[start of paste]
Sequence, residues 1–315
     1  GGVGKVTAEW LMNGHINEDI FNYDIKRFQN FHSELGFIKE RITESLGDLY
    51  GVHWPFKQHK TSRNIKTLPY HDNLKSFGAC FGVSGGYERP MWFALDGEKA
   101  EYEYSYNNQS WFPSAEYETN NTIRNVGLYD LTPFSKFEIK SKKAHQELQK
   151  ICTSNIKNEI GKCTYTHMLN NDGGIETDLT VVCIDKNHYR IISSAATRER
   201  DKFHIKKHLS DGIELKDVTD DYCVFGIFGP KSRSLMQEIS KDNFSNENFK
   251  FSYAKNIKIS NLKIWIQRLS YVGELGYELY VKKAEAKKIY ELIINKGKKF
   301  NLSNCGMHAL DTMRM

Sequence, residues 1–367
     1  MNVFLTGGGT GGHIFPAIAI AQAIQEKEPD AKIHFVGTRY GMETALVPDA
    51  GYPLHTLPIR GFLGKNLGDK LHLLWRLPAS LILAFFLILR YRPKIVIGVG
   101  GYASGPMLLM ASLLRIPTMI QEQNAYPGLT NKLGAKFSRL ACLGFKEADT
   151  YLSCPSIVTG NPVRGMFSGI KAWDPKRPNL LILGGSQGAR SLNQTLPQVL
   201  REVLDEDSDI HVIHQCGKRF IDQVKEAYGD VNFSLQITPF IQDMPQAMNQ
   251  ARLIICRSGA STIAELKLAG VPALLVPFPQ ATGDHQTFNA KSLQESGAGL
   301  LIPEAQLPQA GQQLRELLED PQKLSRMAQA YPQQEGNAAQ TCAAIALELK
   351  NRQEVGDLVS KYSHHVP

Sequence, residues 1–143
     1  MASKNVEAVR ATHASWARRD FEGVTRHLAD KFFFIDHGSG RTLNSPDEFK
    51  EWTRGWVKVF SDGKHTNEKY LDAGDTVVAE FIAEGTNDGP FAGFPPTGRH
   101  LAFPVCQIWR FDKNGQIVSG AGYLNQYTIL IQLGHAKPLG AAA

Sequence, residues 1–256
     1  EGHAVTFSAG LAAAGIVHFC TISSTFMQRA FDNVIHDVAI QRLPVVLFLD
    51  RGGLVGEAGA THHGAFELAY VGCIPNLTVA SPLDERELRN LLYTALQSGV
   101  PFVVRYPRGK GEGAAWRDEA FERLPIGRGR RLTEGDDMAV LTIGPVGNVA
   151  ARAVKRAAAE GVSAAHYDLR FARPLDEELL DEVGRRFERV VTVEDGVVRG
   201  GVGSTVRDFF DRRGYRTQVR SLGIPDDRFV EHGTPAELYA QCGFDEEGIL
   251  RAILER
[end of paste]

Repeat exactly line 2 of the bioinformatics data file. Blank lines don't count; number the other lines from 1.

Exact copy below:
     1  GGVGKVTAEW LMNGHINEDI FNYDIKRFQN FHSELGFIKE RITESLGDLY